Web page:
20 July 2013

Pakistani clerics ban women from shopping alone!

As an intelligent, educated, freedom loving western woman I am continually horrified at the misogynistic antics of a lot of Muslim men. I was appalled at this latest attempt to imprison Pakistani women even more so than they already are, which was cooked up by some particularly unpleasant clerics (aka. religious nutjobs) in one of the more backward areas, near the Afghanistan border (Yup, that figures!) Makes me even more glad I won the lottery of life as a woman when I was born in the good old U.K.!

(Reuters) - Clerics in northwest Pakistan have issued a temporary ban on women shopping unless accompanied by a male relative, a police official said on Saturday, in a step designed to keep men from being distracted during the holy month of Ramadan. Police are supporting the ban, announced over mosque loudspeakers on Friday in Karak district in the province of Khyber Pakhtunkhwa, district police official Fazal Hanif told Reuters.
Unaccompanied women will be arrested and shopkeepers may be punished for selling items to women on their own. One trader said he feared the ban would affect business and damage the region's reputation. "We never supported this ban and convened a meeting on Wednesday to protest over the clerics' decision," Munwar Khan, one of the merchants in the region, told Reuters. 

Vast swathes of rural Pakistan, whose name means "Land of the Pure", are deeply conservative. Thousands of women have been killed in recent years for behavior their families considered improper. The mosque announcements said the ban was intended to stop men from being distracted during Ramadan, when Muslims are meant to fast from dawn to sunset. The annual period of fasting and prayer falls in July this year.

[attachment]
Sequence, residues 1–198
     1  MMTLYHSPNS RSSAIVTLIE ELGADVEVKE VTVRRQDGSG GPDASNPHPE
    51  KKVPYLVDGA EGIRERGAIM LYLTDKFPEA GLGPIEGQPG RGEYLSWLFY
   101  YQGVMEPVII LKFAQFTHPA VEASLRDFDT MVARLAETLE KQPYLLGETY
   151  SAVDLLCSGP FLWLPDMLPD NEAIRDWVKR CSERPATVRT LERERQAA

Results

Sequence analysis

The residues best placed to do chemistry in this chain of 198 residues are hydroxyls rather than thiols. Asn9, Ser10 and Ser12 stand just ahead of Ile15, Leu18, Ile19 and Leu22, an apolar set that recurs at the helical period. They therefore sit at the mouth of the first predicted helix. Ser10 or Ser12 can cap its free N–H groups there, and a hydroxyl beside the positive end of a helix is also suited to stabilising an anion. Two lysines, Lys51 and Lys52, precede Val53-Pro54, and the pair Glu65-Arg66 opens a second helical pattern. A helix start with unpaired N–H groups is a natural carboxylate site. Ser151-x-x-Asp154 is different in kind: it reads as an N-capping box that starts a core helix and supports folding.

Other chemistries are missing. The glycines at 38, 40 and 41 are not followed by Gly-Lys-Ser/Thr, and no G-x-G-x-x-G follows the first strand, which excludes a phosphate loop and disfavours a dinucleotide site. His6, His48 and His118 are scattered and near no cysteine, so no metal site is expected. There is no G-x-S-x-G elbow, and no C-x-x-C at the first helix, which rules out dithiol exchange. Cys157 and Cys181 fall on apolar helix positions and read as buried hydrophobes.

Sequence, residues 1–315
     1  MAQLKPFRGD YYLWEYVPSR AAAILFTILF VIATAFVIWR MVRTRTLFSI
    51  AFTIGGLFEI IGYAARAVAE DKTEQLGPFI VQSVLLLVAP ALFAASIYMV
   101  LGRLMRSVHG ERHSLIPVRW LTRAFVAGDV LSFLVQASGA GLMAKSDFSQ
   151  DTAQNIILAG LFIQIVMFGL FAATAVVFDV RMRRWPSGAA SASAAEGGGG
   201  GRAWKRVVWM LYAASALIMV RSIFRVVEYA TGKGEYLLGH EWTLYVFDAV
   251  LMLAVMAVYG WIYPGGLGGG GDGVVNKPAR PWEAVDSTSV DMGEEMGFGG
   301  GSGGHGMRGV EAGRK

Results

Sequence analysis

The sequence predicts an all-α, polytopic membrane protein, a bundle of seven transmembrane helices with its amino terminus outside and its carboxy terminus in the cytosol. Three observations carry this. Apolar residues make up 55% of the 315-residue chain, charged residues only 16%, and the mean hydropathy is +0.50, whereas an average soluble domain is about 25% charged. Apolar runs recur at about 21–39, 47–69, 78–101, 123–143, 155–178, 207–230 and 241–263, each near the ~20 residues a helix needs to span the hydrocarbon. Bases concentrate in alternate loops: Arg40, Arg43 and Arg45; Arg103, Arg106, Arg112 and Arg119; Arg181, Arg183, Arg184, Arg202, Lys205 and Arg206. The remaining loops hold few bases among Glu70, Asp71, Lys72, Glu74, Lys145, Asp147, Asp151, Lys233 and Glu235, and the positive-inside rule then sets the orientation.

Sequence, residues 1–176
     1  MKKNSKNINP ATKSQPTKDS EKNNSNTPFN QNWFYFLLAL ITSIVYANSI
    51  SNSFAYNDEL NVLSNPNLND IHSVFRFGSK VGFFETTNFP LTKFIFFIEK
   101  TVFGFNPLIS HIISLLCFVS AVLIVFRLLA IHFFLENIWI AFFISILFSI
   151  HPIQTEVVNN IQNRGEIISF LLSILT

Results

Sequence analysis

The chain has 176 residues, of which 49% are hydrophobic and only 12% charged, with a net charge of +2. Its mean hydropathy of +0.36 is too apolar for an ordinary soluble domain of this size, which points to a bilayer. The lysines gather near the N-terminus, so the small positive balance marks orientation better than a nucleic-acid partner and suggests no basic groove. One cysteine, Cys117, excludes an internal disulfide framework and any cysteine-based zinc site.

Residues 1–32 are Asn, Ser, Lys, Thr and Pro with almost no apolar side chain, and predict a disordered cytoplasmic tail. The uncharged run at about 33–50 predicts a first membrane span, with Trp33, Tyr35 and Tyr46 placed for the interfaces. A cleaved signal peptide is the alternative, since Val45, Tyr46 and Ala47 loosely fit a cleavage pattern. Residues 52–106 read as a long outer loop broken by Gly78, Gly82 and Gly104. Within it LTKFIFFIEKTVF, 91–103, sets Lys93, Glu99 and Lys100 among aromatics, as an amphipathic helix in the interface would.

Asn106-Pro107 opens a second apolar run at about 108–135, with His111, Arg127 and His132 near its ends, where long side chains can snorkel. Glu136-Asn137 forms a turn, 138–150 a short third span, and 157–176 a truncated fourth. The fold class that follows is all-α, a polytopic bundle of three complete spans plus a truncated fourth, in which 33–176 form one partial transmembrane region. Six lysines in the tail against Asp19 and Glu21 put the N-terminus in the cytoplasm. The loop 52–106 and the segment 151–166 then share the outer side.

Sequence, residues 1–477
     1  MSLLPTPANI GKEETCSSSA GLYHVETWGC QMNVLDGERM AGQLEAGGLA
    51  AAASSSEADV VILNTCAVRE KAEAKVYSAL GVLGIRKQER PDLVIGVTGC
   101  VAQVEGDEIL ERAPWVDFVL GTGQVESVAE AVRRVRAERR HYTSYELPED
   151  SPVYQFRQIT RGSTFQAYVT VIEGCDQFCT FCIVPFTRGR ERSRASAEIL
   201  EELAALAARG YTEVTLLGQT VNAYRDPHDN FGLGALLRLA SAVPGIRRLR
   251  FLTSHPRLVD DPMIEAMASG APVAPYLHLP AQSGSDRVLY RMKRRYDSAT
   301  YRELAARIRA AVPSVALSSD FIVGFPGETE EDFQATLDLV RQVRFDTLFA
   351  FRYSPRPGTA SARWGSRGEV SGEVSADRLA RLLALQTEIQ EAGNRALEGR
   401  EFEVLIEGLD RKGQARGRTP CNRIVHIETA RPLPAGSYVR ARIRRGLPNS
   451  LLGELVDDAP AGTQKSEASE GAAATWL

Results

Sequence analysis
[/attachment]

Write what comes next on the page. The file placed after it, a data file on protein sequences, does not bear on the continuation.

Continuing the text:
The ban was proposed by a faction of the Jamiat Ulema-e-Islam party led by Fazl-ur-Rehman, local administration official Sarfaraz Khattak said. Such religious parties have typically performed poorly in Pakistani elections, winning only a handful of seats. But mainstream politicians are often slow to criticize religious leaders, partly for fear of being targeted by their supporters. 

Some residents of the area also oppose the ban. "The male members of the family don't have enough time to take women to the market," said Mohammad Naeem Khattak. "Where can women go for shopping if they are banned in the market?" (Additional reporting by Jibran Ahmad in Peshawar; Writing by Katharine Houreld; Editing by Clarence Fernandez)

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